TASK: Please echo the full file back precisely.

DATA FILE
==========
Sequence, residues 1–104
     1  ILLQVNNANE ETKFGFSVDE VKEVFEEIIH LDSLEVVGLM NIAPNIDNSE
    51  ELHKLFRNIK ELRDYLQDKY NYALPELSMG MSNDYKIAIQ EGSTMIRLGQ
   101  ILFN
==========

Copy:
Sequence, residues 1–104
     1  ILLQVNNANE ETKFGFSVDE VKEVFEEIIH LDSLEVVGLM NIAPNIDNSE
    51  ELHKLFRNIK ELRDYLQDKY NYALPELSMG MSNDYKIAIQ EGSTMIRLGQ
   101  ILFN